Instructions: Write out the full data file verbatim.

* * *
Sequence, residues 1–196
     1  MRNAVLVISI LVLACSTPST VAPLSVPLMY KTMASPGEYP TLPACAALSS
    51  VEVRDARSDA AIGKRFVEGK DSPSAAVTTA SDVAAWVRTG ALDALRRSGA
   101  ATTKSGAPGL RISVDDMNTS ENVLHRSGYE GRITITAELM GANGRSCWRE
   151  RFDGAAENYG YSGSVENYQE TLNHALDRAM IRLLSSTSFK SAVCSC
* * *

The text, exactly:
Sequence, residues 1–196
     1  MRNAVLVISI LVLACSTPST VAPLSVPLMY KTMASPGEYP TLPACAALSS
    51  VEVRDARSDA AIGKRFVEGK DSPSAAVTTA SDVAAWVRTG ALDALRRSGA
   101  ATTKSGAPGL RISVDDMNTS ENVLHRSGYE GRITITAELM GANGRSCWRE
   151  RFDGAAENYG YSGSVENYQE TLNHALDRAM IRLLSSTSFK SAVCSC